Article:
That 37.4% of Time Warner's total revenues are generated from content (compared to 70% from Walt Disney) mostly connected to DVD, theatre, domestic network, international and other traditional distribution threatened by digital disruption is why Lehman Brothers analyst Anthony DiClemente downgraded all media conglomerates earlier this year. Industry analysts are generally so focused on uncertainties surrounding AOL, Time Warner Cable and company buybacks that they fail to concentrate on the absence of more enterprising digital content growth.
DiClemente says entertainment companies' core business models and profits will be ravaged by technology, a structural change that already has triggered the decline in the $24 billion domestic retail home video market--with no burgeoning digital content revenues streams to rely on.
"The decline in packaged media revenues will dramatically outpace the growth in digital media revenues in the next two years," DiClemente predicts for all media conglomerates.
As content shifts from physical to digital media, the blended average per-unit contribution for each form of conventional delivery "marginally deteriorates upon moving to legal online digital platforms including iTunes," he said. The existing 87%-13% ownership/rental split will shift to lower-priced rental options as consumers become more digital, and DVD sales will become virtually nonexistent. The "tipping point" for the movie and TV industries is closer than we think. Total studio DVD rentals and sales revenues will become one-fifth of what they are today by 2015. Even the dual subscription fees and advertising revenues of its popular Turner cable networks will be pinched in a prolonged deteriorating economy.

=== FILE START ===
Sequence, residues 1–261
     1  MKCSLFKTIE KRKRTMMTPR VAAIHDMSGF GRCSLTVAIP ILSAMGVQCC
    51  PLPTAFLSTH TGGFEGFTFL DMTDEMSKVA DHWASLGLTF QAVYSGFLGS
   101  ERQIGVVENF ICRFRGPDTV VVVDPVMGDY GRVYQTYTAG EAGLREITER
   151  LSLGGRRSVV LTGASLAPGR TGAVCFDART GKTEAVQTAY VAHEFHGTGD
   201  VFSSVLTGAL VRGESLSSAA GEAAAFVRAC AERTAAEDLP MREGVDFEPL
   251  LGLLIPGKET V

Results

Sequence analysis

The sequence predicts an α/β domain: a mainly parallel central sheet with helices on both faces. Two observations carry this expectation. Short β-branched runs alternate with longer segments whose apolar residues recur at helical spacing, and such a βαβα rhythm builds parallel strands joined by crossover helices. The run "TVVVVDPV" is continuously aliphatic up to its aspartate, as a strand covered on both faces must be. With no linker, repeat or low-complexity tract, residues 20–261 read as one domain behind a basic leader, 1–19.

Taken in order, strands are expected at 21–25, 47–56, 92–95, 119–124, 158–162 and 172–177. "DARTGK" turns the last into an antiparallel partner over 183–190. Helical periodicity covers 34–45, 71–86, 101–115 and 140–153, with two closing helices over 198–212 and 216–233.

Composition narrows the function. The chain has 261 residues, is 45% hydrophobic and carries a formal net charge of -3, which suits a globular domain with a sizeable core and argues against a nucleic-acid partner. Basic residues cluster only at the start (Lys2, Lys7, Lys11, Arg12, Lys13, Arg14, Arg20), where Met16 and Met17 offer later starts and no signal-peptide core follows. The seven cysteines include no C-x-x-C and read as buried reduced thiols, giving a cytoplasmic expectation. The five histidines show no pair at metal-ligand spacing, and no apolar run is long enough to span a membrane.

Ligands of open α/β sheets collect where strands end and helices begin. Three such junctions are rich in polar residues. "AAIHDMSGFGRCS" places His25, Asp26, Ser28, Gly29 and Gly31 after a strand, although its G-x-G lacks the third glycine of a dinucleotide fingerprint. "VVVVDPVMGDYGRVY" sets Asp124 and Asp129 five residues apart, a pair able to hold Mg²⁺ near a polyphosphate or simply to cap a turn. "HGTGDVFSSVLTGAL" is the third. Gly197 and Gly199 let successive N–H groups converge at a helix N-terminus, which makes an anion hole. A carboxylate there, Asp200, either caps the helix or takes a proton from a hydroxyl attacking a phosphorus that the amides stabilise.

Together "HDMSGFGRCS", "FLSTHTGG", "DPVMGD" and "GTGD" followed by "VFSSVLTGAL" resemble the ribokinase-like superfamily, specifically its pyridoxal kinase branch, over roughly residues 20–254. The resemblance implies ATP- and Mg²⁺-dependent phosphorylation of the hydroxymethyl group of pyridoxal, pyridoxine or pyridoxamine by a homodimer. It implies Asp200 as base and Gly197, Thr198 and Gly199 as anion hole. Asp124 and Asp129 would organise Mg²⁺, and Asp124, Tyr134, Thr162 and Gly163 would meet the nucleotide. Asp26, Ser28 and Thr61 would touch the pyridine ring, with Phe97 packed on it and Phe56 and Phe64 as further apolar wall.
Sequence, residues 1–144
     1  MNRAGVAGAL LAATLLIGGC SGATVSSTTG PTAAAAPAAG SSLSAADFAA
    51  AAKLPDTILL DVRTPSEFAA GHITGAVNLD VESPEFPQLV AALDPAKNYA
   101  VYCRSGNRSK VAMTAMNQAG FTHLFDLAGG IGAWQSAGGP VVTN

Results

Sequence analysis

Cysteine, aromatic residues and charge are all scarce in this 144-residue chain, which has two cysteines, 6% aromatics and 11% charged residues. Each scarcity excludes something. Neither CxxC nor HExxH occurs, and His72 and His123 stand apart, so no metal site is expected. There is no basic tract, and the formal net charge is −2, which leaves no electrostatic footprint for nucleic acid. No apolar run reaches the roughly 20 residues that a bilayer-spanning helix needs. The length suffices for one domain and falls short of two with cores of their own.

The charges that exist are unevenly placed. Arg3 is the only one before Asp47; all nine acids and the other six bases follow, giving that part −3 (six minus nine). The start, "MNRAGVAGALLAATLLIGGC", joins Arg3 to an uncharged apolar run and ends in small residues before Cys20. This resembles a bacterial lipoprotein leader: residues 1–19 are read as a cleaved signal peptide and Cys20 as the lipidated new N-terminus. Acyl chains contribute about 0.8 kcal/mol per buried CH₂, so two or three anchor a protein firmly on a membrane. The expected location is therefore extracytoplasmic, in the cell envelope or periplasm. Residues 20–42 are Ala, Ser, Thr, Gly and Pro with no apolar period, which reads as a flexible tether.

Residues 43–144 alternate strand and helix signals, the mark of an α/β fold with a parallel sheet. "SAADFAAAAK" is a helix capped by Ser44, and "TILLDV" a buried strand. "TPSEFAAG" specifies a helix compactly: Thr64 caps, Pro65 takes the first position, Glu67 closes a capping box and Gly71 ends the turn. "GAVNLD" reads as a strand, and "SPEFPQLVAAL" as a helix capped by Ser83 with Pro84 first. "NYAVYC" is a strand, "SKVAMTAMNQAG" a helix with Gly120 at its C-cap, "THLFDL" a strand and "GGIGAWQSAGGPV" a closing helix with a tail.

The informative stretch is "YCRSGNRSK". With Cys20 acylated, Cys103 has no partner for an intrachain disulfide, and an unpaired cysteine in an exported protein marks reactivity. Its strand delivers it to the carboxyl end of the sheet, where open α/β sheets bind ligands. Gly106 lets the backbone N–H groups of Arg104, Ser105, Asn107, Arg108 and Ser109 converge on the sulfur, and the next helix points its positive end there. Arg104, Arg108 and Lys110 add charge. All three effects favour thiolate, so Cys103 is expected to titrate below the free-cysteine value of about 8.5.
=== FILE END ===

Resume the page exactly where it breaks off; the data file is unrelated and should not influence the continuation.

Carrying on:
If Time Warner is betting on commoditized content as a new strategy, it will need a digital game plan that calls for more than DVD sales, VOD and TV syndication. Its struggling monetization of online products such as its CW's "Gossip Girl" is proof that it has a ways to go in developing independent distribution outside of Apple's iTunes. Otherwise, it will be wrestling within 18 months with the deteriorating economics of online distribution and rampant piracy. Other studios, like Sony, are engaging in more aggressive theatrical film releases simultaneously on DVD and direct to consumers with Internet-enabled Sony Bravia television.
To listen to Time Warner CEO Jeff Bewkes, the problem is all about investors' inability to value what has always been its dissimilar portfolio businesses. The production of media content has never been more in demand--but this is not an assurance of success. Time Warner shares, down 20% from a year ago, have failed to rally even amid the excitement and success of "Dark Knight." Even Wall Street expects more.
Likewise, the estimated $12 billion sale of AOL will add a potential $2.50 of near-term per-share upside to Time Warner, but do nothing to fortify its digital content future. If digital content constitutes only 10% of Time Warner's business today, maybe it's because it functions as a business afterthought. By next year, a streamlined and simplified Time Warner will have nothing else to think about, except maybe what to use as an excuse for digital content failure.